After: Theoretically, there’s no more tension now. What’s going to keep the readers interested? The cliché is that women want to cuddle; men want to get out as fast as possible. Avoid the cliché, just as you would with anything you write. What they do and say here is important. Be creative.

What else goes into a well-planned sex scene?

 Follow Steve’s “Back Story” blog by clicking here.

 

Dial Up Sex Scenes Webinar 3/11

Tune in 3/11 & 3/28

Tune in 3/11 & 3/28

Which sells, sex or sexy? As we know, the answer is, both sell. Some audiences are impatient, others prefer drawing a little tension-building romance and seduction. The act – and the writing of the act – are intensely personal. As with any form of writing, the more you practice, the better you get. But practice what, and how?

Attraction, they say, begins with the eyes. Male or female, we see something we like and quickly – almost primitively – begin plotting to get it. Sometimes the plotting is deliberate and obvious; sometimes it’s sweet and subtle.

Where does it happen? Why does it happen? What do our eyes take in? What smells are in the air? Where does attraction strike and how long does it take to go from mutual appreciation to a shared laugh … to hands touching … to a private setting and then to a first kiss? Or does it all happen in plain view – say on the beach at sunset – or at 2 a.m. in a club with music blaring and the bass cranked up so high, it feels like your own heartbeat?

Most relevant from the writer’s perspective, how do we capture the sexual tension as well as the act – for the two are not the same – in a way that is arousing, revealing – in terms of character development – and which successfully moves the story forward?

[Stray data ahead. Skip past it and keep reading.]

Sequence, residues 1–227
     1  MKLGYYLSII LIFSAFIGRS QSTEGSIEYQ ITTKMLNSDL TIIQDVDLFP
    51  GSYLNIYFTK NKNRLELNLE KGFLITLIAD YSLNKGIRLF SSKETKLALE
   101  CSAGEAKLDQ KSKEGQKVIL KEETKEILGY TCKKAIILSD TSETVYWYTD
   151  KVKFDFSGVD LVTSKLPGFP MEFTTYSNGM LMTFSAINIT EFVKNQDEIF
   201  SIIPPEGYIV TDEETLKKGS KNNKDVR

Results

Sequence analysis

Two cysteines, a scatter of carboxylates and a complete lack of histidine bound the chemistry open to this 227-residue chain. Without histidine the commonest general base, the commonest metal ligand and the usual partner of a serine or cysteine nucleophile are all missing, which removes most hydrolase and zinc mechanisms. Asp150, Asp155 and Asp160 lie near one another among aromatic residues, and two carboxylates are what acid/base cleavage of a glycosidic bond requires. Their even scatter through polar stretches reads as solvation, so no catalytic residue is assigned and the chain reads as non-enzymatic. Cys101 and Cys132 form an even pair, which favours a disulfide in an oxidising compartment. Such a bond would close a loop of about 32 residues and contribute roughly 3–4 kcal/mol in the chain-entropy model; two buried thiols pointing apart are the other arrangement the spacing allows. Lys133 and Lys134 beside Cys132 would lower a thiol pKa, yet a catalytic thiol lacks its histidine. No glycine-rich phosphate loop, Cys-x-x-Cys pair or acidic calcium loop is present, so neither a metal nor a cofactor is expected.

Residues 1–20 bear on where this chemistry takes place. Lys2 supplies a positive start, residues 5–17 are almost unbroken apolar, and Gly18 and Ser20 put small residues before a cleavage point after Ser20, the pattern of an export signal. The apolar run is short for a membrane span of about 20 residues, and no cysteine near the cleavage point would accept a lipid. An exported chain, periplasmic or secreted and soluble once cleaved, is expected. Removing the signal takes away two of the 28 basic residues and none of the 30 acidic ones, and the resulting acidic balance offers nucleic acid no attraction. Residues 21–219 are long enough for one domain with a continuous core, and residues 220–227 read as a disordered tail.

I hope you’ll join me for a webinar that will explore these questions and many more next Tuesday (3/11) at 7:30 p.m. and/or on March 28 at 1:30 p.m. EST. Mark your calendars and sign up here.

Follow this link to subscribe to Steve’s Back Story blog.

 

Let’s Undress a Few Sex Scenes

Illus3-Dan&RuthieWhich sells, sex or sexy? As we know, the answer is, both sell. Some audiences are impatient, others prefer drawing a little tension-building romance and seduction. The act – and the writing of the act – are intensely personal. As with any form of writing, the more you practice, the better you get. But practice what, and how?

Attraction, they say, begins with the eyes. Male or female, we see something we like and quickly – almost primitively – begin plotting to get it. Sometimes the plotting is deliberate and obvious; sometimes it’s sweet and subtle.

Where does it happen? Why does it happen? What do our eyes take in? What smells are in the air? Where does attraction strike and how long does it take to go from mutual appreciation to a shared laugh … to hands touching … to a private setting and then to a first kiss? Or does it all happen in plain view – say on the beach at sunset – or at 2 a.m. in a club with music blaring and the bass cranked up so high, it feels like your own heartbeat?

Most relevant from the writer’s perspective, how do we capture the sexual tension as well as the act – for the two are not the same – in a way that is arousing, revealing – in terms of character development – and which successfully moves the story forward?

I hope you’ll join me for a webinar that will explore these questions and many more on March 28 at 1:30 p.m. EST. Mark your calendars and sign up here.

Follow this link to subscribe to Steve’s Back Story blog.

 

Listen: The Most Potent Sexual Organ is Between Your Ears


When we were together, locked like scissors,

nicely buzzed on mini-bar tequila,

she reached down and …

I recently posed the following question on a Google+ group called, “The Inner World of Erotic Dreams:”